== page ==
Add an ESS with the Web UI
ESS profiles can be configured either from E(z)RF Network Manager or from the controller.
You can tell where an ESS profile was configured by checking the read-only field Owner; the Owner is either nms-server or controller. AP400 is designed to use either a Virtual Cell ESS or a non-Virtual Cell ESS, but not both at once. AP1000 is designed to use a Virtual Cell ESS and a non-Virtual Cell ESS simultaneously. To add an ESS from the controller’s Web UI, follow these steps:
- Click Configuration > Wireless > ESS > Add.
The ESS Profile Add screen displays – see below.
- In the ESS Profile Name field, type the name (ID) of the extended service set. The name can be up to 32 alphanumeric characters long with no spaces.
- In the Enable/Disable list, select one of the following:
- Enable: ESS Profile created is enabled.
- Disable: ESS Profile created is Disabled.
- In the SSID field, type a name up to 32 characters for the SSID for this ESS. (Note that when you are creating either Virtual Cell overflow or a non-Virtual Cell ESS, you will be creating two ESS Profiles with the same ESSID. See “Configure Virtual Cell Overflow with the Web UI” on page 158 for details.)
- In the Security Profile Name list, select an existing Security Profile to associate with the ESS profile. By default, an ESS profile is associated with the Security Profile named default. For more explanation, see “Security Profiles for an ESS” on page 147.
- In the Primary RADIUS Accounting Server list, select either the name of a previously configured RADIUS accounting server profile or the No RADIUS option. Selecting the No RADIUS option means that no RADIUS accounting messages will be sent for clients connecting to this ESSID profile. For more information, see the authentication chapter RADIUS Accounting for Clients.
- In the Secondary RADIUS Accounting Server list, select the name of a previously configured RADIUS accounting server profile or the No RADIUS option. If No RADIUS is selected, then no RADIUS accounting messages will be sent for clients connecting to this ESSID profile. For more information, see the security chapter RADIUS Accounting for Clients.
- In the Accounting Interim Interval (seconds) field, type the time (in seconds) that elapses between accounting information updates for RADIUS authentication. If a RADIUS accounting server is enabled, the controller sends an interim accounting record to the RADIUS server at the interval specified. Accounting records are only sent to the RADIUS server for clients that authenticate using 802.1x. The interval can be from 60 through 36,000 seconds (10 minutes through 10 hours). The default value is 3,600 seconds (1 hour). For more information, see the security chapter RADIUS Accounting for Clients.
- Beacon Interval sets the rate at which beacons are transmitted. Setting the beacon interval to a higher value decreases the frequency of unicasts and broadcasts sent by the access point. If the power-save feature is enabled on clients that are connected to access points, clients “wake up” less if fewer unicasts and broadcasts are sent, which conserves the battery life for the clients. In the Beacon Interval field, type the interval (in ms) at which beacons are transmitted. The beacon interval must be between 20 through 1000 milliseconds. For AP400 and AP1000, beacon interval is a multiple of 20, from 20 to 1000ms. If your WLAN consists mostly of Wi-Fi phones, and you have a low number of ESSIDs configured (for example, one or two), Fortinet recommends setting the beacon interval to 100.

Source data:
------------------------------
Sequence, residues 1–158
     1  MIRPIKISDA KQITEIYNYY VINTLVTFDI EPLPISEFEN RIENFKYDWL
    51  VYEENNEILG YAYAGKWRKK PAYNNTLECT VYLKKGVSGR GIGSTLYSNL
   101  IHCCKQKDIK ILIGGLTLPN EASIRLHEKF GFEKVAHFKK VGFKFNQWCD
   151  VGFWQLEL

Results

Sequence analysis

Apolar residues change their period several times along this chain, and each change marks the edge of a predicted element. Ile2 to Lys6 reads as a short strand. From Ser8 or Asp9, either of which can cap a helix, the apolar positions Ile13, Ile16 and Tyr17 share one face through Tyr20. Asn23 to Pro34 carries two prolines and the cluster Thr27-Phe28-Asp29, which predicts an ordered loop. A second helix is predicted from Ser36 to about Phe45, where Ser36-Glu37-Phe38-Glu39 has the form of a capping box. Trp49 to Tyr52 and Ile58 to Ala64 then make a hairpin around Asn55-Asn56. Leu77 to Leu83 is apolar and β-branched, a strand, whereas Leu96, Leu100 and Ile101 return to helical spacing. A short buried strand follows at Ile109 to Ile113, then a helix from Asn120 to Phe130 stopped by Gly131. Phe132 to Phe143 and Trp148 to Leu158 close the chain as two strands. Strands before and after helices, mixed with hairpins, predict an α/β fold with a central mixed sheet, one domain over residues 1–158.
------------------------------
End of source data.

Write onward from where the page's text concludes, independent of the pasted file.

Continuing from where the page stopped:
10.In the SSID Broadcast list, select one of the following:
- On: SSID is included in the beacons transmitted.
- Off: SSID is not included in the beacons transmitted. Also Probe Responses will are not sent in response to Probe Requests that do not specify an SSID.
11.In the Bridging area, check any of these bridging options: • AirFortress: FortressTech Layer 2 bridging and encryption with Fortress Technology AirFortress gateway. • IPv6: Configures bridging Internet version 6 addresses. IPv6 via tunneling mode has these limitations:
- No dynamic VLAN
- No multiple ESSID mapping to same VLAN
- No support for IPv6 filtering
- No IPv6 IGMP snooping
12.By default, access points that join the ESS profile and have the same channel form a Virtual Cell. In the New APs Join ESS profile list, select one of the following:
- On: (default) Access points automatically join an ESS profile and are configured with its parameters.
- Off: Prevents access points from automatically joining an ESS profile. The user is now allowed to add multiple interfaces on the ESS Profile screen. Perform the following steps to add multiple interfaces:
- On the ESS Profile – Update screen select the New APs Join ESS profile as Off. This option prevents the APs from automatically joining an ESS profile.
- Select the checkbox for an ESS profile and click the Settings button.
- The ESS Profile – Update screen is displayed.
- On the ESS Profile – Update screen, select the ESS-AP Table tab.
- The ESS-AP Configuration screen is displayed. No information is displayed on the ESS-AP Configuration screen.
- On the ESS-AP Configuration screen, click the Add button.
- The ESS-AP Configuration – Add screen is displayed. Here, the user is now allowed to add multiple interfaces on the ESS Profile screen.
- Click OK.
- The selected interfaces are now displayed on the ESS-AP Configuration screen.
13.In the Tunnel Interface Type, select one of the following:
- No Tunnel: No tunnel is associated with this ESS profile.
- Configured VLAN Only: Only a configured VLAN listed in the following VLAN Name list is associated with this ESS profile. If you select this option, go to Step 13. RADIUS VLAN Only: The VLAN is assigned by the RADIUS server via the RADIUS attribute Tunnel Id. Use RADIUS VLAN Only when clients authenticate via 802.1x/WPA/ WPA2 or MAC Filtering.